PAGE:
What Skills Are Required for a Career in IT?

Many of the top careers in IT are similar to top jobs on the worksite. Like a foreman or a crane operator, some of the more highly sought-after positions require a high degree of familiarity and technical knowledge, as well as experience working in other capacities across the field. But unlike the top positions in construction, with IT, you won’t break your back along the way.

Meanwhile, plenty of those skills you’ve picked up in construction can translate well into the IT field. For example, the adaptability of learning to use and master new tools according to different projects is highly sought after in IT.

Ask yourself if any of these skills sound familiar:

  • Adaptability
  • Ability to prioritize tasks
  • Strong work ethic
  • Flexibility
  • Endurance
  • Dexterity

These skills are all highly valued in the IT field, and employers know that they can’t necessarily be taught in class. Other factors, like personality traits and interests, might place you in one of many different positions, and understanding where your strengths lie is key in moving forward in a new career in IT. You can take the experience you’ve acquired on the job site and transfer it in a whole other capacity in the growing IT industry.

How to Get Experience in IT Before Changing Careers

If one of the things that drew you to work in construction was working with your hands, taking things apart and putting them back together, you can think of IT in a similar way but on a smaller scale. IT expertise lies in both hardware and software, so if you have ever been someone that people seek to help them with computer issues, whether the computer itself or the programs on it, then chances are that you’re already in a good starting position for a new career in IT.

To learn more about IT, go to that person everyone goes to for help hooking up the printer or reconnecting to the internet and ask them questions to find out what they know. Remember, learning about computers is similar to learning about any other trade or tool. It happens in steps and can be made easier with the right guidance. Because IT is a field in great demand, you are going to find many resources out there to learn how to get into IT. These resources can be in the form of books, classes or even internships, and they are geared toward a wide range of previous computer experience.

How Long Will it Take to Change Careers?

While you may be really excited to hit the ground running in IT, it’s important to remember that a career change takes time. Corinne Mills, author and managing director of Personal Career Management, suggests patience when transitioning to a new career.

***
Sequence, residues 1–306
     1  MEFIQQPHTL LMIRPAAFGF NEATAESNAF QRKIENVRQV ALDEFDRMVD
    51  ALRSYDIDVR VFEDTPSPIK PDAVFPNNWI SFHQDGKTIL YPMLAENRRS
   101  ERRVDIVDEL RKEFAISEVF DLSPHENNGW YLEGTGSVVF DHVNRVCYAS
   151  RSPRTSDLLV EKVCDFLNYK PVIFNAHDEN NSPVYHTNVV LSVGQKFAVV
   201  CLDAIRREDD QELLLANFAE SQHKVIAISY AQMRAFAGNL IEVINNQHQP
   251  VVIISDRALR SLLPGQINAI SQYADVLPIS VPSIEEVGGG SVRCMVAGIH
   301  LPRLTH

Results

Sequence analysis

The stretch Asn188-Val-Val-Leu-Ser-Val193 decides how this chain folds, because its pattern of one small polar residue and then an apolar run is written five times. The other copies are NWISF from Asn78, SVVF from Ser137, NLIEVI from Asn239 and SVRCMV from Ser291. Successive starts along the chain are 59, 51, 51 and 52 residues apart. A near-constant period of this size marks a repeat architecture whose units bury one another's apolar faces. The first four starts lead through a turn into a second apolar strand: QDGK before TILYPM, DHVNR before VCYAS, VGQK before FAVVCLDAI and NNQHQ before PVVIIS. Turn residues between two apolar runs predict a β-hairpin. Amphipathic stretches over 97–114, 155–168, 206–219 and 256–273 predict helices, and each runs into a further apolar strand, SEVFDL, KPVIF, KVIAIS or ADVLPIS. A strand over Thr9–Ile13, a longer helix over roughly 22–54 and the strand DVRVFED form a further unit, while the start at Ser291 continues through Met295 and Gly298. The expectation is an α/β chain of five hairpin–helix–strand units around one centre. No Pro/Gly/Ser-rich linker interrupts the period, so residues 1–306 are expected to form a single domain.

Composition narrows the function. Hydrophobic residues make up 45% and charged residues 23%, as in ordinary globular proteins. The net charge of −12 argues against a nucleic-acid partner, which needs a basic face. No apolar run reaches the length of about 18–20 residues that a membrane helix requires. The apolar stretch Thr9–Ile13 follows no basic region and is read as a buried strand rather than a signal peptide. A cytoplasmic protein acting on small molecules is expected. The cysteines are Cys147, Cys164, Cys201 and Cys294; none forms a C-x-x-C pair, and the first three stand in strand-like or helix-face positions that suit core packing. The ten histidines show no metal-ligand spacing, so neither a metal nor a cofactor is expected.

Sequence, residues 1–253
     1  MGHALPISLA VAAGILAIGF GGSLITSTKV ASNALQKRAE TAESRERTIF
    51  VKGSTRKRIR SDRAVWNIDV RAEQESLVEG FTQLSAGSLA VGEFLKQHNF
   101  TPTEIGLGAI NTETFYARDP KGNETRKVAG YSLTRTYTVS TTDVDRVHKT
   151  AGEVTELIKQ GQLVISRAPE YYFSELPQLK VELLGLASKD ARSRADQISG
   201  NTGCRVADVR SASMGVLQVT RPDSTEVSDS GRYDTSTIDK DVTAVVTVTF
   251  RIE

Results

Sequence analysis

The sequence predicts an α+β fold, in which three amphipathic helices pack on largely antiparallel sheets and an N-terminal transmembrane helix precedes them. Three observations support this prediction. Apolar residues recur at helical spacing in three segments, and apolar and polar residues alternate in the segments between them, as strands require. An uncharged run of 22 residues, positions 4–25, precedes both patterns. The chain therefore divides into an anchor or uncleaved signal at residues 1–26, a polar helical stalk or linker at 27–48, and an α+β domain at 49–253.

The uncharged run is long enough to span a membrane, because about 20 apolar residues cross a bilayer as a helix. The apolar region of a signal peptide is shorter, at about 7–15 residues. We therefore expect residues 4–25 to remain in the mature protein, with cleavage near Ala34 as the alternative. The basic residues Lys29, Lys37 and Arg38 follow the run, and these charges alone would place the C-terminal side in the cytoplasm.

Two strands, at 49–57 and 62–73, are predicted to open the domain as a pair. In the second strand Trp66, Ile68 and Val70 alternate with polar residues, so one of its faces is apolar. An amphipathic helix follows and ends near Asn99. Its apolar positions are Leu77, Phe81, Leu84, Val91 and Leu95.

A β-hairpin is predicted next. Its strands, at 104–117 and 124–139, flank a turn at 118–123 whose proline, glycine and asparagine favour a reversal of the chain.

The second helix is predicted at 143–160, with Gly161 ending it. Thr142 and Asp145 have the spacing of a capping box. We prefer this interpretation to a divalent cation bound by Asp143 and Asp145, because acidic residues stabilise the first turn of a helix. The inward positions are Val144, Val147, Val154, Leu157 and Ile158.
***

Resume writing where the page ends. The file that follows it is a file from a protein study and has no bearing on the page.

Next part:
“While some people want to radically reinvent their career instantly, it is more realistic to work toward a new career over time. This might mean making changes in your current job, studying a course in the evening, shadowing someone in the role or learning new skills to make yourself more attractive to potential employers,” she told The Guardian. “It might also mean that you gradually move into your new career via a series of jobs rather than one giant leap – and this is important if you want to protect your salary rather than going back to entry-level wages.”

The amount of time will be different for everyone, depending on your transferrable skills and experience and the amount and type of training you need. Career coach Daisy Swan says you’ll need to allot time “to (re-)educate, to develop a new network in that field and to gain meaningful experiences that introduce you as a player… which then leads to gathering credibility and accessibility to your new work and new career.”

For some, it may be a few months, but for others it may be longer. Regardless of how long it takes, remember to go into the process with patience and a list of SMART goals that will keep you steadily on the path to a career in IT.

Where to Start When Switching Careers to IT

As with any new venture, the best place to begin is to figure out where you want to end up. Which path is right for you? A good way to answer that question is to take our free career quiz to see what IT career matches your skills and interests. Remember that, just as on the job site, there are many specialties employers need.

You might also want to ask around the job site and the company where you currently work. There are numerous IT positions in the construction industry, and those positions will be multiplying in the coming years. Many people actually like their boss and the industry they work in – it’s true – but they desire a role other than the one that they currently occupy. If this is your case, you may find a way to stay on where you are, but in a more stable, more necessary role. This way, you can look at IT expertise as yet another skill set that you can learn and master.